Tribeca: I was struck by how visual the series is, considering that it's TV and it's a relationship story, it's not a more fantastical storyline. How did you find your way to working visually?

Azazel Jacobs: Well, I had more days on this than on any film I've made, and I worked with the crew I've always worked with. I've been working with my DP on this, Toby, for a long time. I'm glad you felt that way because I want to be able to express something visually, I'm not just going for an over-the-shoulder shot. The great thing about being able to have a past body of work is that the language created on previous films can be used for what comes next, and that helps Toby and I figure out what we want to say visually.

For me, the Hollywood thing is completely secondary - this is not Entourage, it's not Extras, it's about a real friendship between two people.

Tribeca: It feels a bit like if Cassavetes directed a TV show, this is what it would look like.

Azazel Jacobs: Damn, please write that! That'll be our quote forever.

Tribeca: (Laughs) So much of TV is about showing peoples' faces. This show is that, it is a lot of close-ups of faces, but it's done with a poignancy not found in how most TV shows are shot.

Azazel Jacobs: There wasn't an intention other than - we had something real on our hands. At the base, we had a rare friendship between two people. I've never seen a relationship between two people that has gone on for this long, and they've turned it into a creative relationship! I felt that if we could keep the series grounded in that truth, that the center of all this was something that couldn't be acted, I felt like that would make the tone work.

Tribeca: How did you become involved with Emily and Dolly?

Azazel Jacobs: We all met when I was going to AFI - they helped me with a film I was working on at the time, this was around 2000. We kept watching each others' works at festivals and whatnot, and we kept trying to find something we could do together. So they came to me with the initial idea for the show - what if Doll was Emily's assistant? - and that's where it started from.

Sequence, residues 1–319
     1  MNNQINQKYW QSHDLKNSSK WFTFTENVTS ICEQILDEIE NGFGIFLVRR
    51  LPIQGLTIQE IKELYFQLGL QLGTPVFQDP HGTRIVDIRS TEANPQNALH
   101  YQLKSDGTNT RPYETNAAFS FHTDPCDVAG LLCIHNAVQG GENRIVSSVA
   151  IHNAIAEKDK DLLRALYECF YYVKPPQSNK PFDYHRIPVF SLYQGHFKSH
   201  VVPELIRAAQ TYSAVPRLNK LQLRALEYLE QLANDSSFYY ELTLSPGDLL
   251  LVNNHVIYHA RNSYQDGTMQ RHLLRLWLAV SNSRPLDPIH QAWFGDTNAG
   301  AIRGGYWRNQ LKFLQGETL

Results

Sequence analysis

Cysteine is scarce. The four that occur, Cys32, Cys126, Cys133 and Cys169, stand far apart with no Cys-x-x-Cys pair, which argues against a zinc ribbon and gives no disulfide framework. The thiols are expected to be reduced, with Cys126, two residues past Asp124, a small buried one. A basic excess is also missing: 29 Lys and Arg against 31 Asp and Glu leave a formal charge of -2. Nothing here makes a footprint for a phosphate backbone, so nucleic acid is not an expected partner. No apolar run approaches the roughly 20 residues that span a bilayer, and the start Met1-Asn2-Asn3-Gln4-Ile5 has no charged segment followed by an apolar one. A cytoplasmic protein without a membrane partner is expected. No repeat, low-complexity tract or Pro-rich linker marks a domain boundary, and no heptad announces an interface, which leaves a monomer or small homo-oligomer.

Right now, TV seems like the best of the best. Enough people seem really willing to go anywhere.

Tribeca: What was working with the emotional live wire of such a strong friendship like? It's an incredible creative basis to start from.

Azazel Jacobs: A lot of my job was to get in between them. They have their own language, they have a shorthand, they don't have to talk that much, or they talk a lot but it's tough to understand what they're really saying. So a lot of it was understanding what they were saying and slowing things down so I could get in between them in order to make the scene work for the audience. Maybe directing is always like that, except you don't usually have your characters right there in real life - normally they're just in your mind.

Tribeca: It's pretty fearless for them to put their friendship out there in the manner that they have.

Azazel Jacobs: That's why I pushed hard for it to be called Doll & Em. I felt like it was a credit to them that their friendship made the show a possibility. For me, the Hollywood thing is completely secondary - this is not Entourage, it's not Extras, it's about a real friendship between two people. I was interested in the two of them, I wasn't interested in telling an All About Eve-type story. We reference that enough that you know that's what's going on, but I was less interested in the story and more interested in exploring the emotions between the two characters.

Doll & Em airs Wednesdays at 10PM on HBO.